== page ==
Fledgling Sustainable Farm Operation in Temecula, CA Seeks to Raise Free Range Broilers Right
November 13, 2012 | Melonie Magruder
“Let food be your medicine and medicine be your food” – Hippocrates
To that nugget of wisdom, Paul Greive of Primal Pastures likes to add: “If food is your medicine, then farmers are your doctors.” Greive and his extended family own and operate a small farm in Temecula, California that raises organically-fed chickens that are so “free-range,” the young farmers haul their chickens to greener pastures regularly, allowing their jumbo-sized broilers to roam, peck and scratch over generous plots of constantly renewed grassland on their five-acre farm.
It’s part of their goal to provide the healthiest meat poultry available in Southern California – food that they feel good about providing their children and (eventual) grandchildren.
“You really are what you eat,” partner and brother-in-law
Rob McDaniel said. “And factory-farmed chickens are so loaded with antibiotics and hormones, and processed in such filth that they’ll kill you. If you are going to eat meat, it really should be straight from the pasture.”
McDaniel should know. He is studying for his Masters degree in Kinesiology and works for a cardiologist. Along with his brother Jeff, his father Tom, and Greive, McDaniel decided to start a farm one day last April that would produce pastured meat chickens at first, followed eventually by brood hens, pigs, sheep and cattle. The fact that all of them work outside of farming, with professional degrees in business interests, intimidated them not at all.
“Dad grew up in the Midwest and was into sustainable farming back when people thought it was wacky,” McDaniel said. “We decided we should do something with our small acreage towards a goal of sustainable farming.”
They had no coops, no fencing, no feed, no processor and no expertise. But three weeks later, they had built a small pen and coop, and welcomed 50 two-day-old chicks. There was a learning curve. They realized that they would have to move the pen regularly so that the chicks could grow doing what they do best, scratch for bugs and leave fertilizer behind.
This entailed hitching up the coop to a tractor and moving it a few hundred yards every week or so to provide the birds constant access to new territory to dig for nutrient-rich scratch, augmented by organic, antibiotic-, soy- and GMO-free feed. The chicks are raised in this manner for seven to 10 weeks before they are processed – a multi-step procedure that involves a “killing cone,” a scalder, an industrial plucker that “looks like a washing machine with rubber fingers,” and a chilling tank. Primal Pasture’s first batch of culled chickens sold out in 12 hours.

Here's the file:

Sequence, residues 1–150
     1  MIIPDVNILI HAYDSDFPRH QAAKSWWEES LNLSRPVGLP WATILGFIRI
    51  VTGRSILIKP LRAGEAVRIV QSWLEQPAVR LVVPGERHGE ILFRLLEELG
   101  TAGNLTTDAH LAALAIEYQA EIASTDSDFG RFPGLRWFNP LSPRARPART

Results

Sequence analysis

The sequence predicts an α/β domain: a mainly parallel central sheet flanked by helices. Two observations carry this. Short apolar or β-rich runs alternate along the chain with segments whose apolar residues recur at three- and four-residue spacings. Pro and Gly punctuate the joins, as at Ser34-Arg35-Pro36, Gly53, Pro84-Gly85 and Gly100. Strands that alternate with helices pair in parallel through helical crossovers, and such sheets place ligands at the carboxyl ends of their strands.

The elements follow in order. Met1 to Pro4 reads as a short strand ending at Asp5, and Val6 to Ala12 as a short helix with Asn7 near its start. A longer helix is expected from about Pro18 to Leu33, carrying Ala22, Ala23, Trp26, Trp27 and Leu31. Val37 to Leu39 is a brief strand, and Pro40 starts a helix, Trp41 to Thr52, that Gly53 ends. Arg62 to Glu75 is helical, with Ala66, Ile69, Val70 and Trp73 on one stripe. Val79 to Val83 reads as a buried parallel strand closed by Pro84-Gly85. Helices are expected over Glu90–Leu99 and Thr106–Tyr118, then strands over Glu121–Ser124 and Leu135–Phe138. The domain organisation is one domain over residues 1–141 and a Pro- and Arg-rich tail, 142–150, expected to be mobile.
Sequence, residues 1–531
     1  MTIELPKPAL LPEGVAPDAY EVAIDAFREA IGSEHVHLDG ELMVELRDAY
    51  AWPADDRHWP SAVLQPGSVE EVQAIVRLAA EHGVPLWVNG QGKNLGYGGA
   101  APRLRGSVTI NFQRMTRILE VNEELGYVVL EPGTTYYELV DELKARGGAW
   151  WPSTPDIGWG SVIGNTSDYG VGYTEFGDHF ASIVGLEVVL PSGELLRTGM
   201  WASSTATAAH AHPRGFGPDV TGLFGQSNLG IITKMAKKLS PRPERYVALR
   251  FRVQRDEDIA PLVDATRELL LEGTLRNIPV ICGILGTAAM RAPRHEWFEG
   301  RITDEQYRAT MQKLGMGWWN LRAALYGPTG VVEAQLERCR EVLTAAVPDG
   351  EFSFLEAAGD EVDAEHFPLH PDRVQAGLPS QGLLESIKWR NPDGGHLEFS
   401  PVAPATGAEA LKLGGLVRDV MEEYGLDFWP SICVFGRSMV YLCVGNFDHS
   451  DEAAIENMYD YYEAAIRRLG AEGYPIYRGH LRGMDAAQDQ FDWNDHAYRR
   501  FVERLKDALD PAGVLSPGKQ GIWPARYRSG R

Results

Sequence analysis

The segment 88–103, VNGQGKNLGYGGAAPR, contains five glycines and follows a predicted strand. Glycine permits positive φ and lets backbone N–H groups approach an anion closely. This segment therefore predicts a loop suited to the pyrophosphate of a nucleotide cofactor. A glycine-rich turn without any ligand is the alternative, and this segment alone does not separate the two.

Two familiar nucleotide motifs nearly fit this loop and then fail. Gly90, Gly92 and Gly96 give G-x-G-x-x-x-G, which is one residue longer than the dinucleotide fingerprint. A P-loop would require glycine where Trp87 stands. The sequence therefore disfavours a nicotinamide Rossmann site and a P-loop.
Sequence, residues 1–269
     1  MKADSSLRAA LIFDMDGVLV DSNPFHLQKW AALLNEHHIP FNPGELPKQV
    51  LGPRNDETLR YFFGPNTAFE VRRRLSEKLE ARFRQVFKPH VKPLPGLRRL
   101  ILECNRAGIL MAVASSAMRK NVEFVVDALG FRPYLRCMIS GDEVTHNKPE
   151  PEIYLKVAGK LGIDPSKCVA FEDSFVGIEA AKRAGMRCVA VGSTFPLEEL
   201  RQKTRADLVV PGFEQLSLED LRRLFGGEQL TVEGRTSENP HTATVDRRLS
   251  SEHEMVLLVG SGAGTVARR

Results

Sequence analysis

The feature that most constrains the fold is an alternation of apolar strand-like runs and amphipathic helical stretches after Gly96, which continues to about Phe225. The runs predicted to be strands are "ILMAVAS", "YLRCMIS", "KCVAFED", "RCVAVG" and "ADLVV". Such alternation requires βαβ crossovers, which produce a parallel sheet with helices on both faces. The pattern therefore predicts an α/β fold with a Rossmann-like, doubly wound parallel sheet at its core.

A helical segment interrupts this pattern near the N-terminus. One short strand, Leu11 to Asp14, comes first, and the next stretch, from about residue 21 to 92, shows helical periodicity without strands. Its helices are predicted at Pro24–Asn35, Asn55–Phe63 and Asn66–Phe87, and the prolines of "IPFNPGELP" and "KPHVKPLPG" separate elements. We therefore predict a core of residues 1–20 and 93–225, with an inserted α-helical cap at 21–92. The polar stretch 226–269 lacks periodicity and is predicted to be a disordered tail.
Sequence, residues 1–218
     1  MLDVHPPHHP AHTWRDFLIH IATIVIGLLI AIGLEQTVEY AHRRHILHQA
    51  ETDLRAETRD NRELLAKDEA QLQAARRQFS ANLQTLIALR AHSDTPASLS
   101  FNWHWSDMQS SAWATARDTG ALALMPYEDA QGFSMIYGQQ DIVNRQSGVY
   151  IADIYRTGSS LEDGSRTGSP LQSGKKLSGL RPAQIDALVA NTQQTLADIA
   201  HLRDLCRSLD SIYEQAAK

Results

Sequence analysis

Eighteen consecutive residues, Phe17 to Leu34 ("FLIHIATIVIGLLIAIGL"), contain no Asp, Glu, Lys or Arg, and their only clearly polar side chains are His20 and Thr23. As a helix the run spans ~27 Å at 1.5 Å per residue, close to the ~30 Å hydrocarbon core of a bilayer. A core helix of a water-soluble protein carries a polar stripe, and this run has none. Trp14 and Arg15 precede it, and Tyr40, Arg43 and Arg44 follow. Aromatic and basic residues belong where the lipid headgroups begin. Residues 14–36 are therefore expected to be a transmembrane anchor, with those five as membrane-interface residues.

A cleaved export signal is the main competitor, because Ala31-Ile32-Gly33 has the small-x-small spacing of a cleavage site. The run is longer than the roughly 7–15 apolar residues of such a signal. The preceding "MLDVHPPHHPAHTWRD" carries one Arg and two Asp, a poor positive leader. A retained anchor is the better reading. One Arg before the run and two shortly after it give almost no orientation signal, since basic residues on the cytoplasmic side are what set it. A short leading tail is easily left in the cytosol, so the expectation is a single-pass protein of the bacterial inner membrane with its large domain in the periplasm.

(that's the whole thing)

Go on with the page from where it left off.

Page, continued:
In response to the distribution question, McDaniel said that they sell direct to the consumer, either at their farm or at drop spots around Southern California.
“Paul is really into cross-fitness and the Paleo-diet, where everything you eat is super fresh and unprocessed,” McDaniel said. “Our first customers were people Paul met at his gym. Apparently, the crossfit community is very plugged in, because word spread and we ended up with hundreds of customers pretty quickly.”
Of the 300 or so chickens they have in any one batch, all sell out through orders that come to their website. Greive takes iceboxes full of fresh chickens to UCLA, where he is attending classes, and parcels out his haul to customers who meet him in a parking lot at a designated hour.
Not all has gone smoothly. Early evening owls meant the team had to insure their chickens were safely in the coop at night. Other predators were an issue till they purchased electric net pens, which keep out poachers for the most part. But when McDaniel was late coming to feed the chickens one morning, they broke out of their electric pen and rushed the back porch to peck on the door.
The chicken farm is a for-profit business model through and through, Greive said. But, since they don’t yet generate the income to hire full-time help, they all pitch in to work the farm, while maintaining full-time jobs. He said he knows that their distribution model is a bit unique, but enjoys the advantages.
“It allows us to connect with our customers face to face,” Greive said. “We are all about reducing the degrees of separation between people and their food. I think it’s cool that people can talk to the actual farmers who raised and harvested their chickens.”
It also cuts out the middleman and allows Primal Pastures to not only sell their chickens at a reasonable price, but also provides the company with a healthy enough margin to make it a potentially viable business. A four to six pound chicken costs about $25, which beats prices one would find at Whole Foods.
When asked what their biggest business challenge was, both Greive and McDaniel replied immediately.
“Matching supply with demand,” Greive said. You don’t want to sell out in 12 hours every month, but you also don’t want to be left with extra product. It’s all about growing the business through repeat customers and word of mouth. I always say we have the most awesome, educated customer base ever.”
“The other challenge is land,” he continued. “We’re on about five acres, which really limits what you can do. It would be great to move onto 100 or 200 acres, and really get to raising some sustainable food and healing the land!”